From jail fever to HIV/AIDS and more recently hepatitis, infectious diseases have been rife in NSW prisons over the last 200 years.
The Caring for the Incarcerated exhibition at the University of Wollongong examines key moments from the last 200 years of NSW prison medical service.
Associate Professor Louella McCarthy from UOW’s Faculty of Science, Medicine and Health (SMAH) says the research behind the exhibition aims to unveil how historical forces come into play in today’s delivery of health care within the prison system.
She said the exhibition seeks to address the longstanding questions around the prevalence of and responses to illness in prisons and invites people to take a journey into this often hidden history.
...For some prisoners it actually improves their health to go into prison.UOW Associate Professor Louella McCarthy
Researchers supported by the UOW interdisciplinary research program, Global Challenges, have been investigating the historical drivers for change in the delivery of health care for those in prison.
The team brings together experts from public health, medicine, creative writing, history and criminology among other disciplines.
Prof McCarthy said NSW was one of the oldest running state-sponsored prison medical services in the world. People have been incarcerated since 1788 in Australia.
‘’So the role of government has been crucial in appointing local doctors throughout really until basically the start of the 20th century, when the Justice Health System was created and the prison service had its own independent medical service,’’ she said.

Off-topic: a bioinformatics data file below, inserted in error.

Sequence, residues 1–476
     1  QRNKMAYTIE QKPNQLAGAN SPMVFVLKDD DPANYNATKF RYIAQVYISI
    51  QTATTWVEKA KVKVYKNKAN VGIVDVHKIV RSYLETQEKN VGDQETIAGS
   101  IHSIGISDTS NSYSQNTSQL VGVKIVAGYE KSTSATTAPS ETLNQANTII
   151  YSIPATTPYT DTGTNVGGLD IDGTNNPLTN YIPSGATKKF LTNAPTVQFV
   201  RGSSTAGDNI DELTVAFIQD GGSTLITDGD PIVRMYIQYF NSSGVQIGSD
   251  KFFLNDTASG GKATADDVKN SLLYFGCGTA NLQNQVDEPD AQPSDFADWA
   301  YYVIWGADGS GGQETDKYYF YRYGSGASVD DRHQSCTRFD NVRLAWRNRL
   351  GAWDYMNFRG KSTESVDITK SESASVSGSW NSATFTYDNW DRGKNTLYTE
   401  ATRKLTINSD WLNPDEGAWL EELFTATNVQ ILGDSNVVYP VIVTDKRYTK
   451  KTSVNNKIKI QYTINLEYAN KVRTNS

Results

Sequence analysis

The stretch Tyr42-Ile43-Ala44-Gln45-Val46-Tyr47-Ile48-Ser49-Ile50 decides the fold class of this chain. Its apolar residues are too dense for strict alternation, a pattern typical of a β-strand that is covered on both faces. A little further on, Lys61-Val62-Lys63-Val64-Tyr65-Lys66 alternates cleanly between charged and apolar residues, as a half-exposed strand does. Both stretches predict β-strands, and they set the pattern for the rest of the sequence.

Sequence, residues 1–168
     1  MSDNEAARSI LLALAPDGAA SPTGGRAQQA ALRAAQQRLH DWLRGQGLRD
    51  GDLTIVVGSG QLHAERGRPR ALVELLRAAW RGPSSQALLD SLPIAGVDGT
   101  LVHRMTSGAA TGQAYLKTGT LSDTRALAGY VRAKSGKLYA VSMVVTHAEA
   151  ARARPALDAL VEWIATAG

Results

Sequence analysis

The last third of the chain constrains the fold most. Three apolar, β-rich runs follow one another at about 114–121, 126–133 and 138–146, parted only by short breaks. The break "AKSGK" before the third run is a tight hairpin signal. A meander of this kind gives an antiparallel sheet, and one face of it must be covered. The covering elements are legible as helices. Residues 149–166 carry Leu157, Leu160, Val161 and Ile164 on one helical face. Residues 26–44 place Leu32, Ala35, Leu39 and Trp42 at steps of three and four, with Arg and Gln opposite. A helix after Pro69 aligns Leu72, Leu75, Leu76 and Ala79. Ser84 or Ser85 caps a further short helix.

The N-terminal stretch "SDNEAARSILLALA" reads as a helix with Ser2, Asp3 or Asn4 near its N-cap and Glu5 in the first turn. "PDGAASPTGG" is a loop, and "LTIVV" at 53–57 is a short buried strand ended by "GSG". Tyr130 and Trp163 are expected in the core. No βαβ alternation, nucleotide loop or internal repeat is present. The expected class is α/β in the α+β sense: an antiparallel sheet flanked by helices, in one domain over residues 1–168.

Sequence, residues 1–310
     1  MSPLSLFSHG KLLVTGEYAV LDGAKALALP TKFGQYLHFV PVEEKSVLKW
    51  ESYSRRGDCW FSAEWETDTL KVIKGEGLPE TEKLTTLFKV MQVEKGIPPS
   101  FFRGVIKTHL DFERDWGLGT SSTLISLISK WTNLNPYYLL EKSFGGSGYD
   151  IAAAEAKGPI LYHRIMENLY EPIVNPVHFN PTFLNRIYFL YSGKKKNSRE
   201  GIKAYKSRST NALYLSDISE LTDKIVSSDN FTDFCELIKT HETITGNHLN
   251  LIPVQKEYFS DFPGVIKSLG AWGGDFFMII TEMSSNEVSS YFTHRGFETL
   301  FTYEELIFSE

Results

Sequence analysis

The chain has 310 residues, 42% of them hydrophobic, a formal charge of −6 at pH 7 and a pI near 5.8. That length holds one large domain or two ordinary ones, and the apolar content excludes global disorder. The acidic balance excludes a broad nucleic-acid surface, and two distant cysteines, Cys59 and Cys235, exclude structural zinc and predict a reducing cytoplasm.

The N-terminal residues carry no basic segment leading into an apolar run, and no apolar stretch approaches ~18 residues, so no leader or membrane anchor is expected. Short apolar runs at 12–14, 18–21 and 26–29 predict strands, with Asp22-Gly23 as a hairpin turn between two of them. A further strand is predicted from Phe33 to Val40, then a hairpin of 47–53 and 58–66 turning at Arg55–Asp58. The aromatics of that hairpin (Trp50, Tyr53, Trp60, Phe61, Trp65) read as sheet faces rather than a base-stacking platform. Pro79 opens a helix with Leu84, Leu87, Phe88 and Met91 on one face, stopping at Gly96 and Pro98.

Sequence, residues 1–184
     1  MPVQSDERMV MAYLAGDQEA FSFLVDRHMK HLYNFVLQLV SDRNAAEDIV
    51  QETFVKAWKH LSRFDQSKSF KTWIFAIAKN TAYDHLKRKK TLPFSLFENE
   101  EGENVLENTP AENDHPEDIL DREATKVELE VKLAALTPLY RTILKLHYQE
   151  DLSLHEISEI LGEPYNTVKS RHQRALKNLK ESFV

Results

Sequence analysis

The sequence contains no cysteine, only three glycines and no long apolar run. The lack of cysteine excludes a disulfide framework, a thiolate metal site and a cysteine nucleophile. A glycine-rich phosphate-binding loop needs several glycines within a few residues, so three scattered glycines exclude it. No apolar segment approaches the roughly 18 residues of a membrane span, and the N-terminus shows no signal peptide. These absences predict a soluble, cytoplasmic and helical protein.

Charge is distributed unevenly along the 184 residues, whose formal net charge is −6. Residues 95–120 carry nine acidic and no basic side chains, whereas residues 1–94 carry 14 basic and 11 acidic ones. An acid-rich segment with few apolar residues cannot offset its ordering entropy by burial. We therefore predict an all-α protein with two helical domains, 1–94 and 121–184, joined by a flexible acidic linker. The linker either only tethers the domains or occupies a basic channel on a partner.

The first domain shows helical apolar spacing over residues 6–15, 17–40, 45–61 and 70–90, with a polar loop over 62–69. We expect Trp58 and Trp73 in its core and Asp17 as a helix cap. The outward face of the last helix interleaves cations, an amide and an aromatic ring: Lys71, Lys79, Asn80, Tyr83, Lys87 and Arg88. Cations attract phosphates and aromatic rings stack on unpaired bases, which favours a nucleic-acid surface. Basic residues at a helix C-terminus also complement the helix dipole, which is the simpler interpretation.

‘’In the past it was much more at a prison level, where each prison had its own doctor they would call in for emergencies or clinics...but they also did and still do make use of local hospitals.
‘’Infectious diseases has been a very important category in the history of prisons throughout the period we are looking at.
‘’There’s been smallpox and tuberculosis was a big issue. More recently its been AIDS or HIV and now hepatitis.
‘’Mental health is another big issue which has been a real challenge for them [prisons] and is still a challenge for them and society at large.’’
She agreed with fellow researcher Dr Stephen Hampton, the executive medical director of the Justice Health and Forensic Mental Health Network, who said prisons will always contain some of the most disadvantaged people in a society.
‘’Now and in the past prisoners tend to come from a group in society who are less likely to go to a doctor,’’ Prof McCarthy said.
‘’But when they go into prison the opposite is true…..so for some prisoners it actually improves their health to go into prison. I know it is counter-intuitive of what we'd expect to find but that’s what is happening.’’
The Caring for the Incarcerated exhibition will be launched at 6pm on Wednesday.
Curators Professor McCarthy and Dr Kath Weston will speak about their findings.
The exhibition is open to the public and runs until September 10 in the Panizzi Room at UOW Library. It will then be shown at prison museums around the country.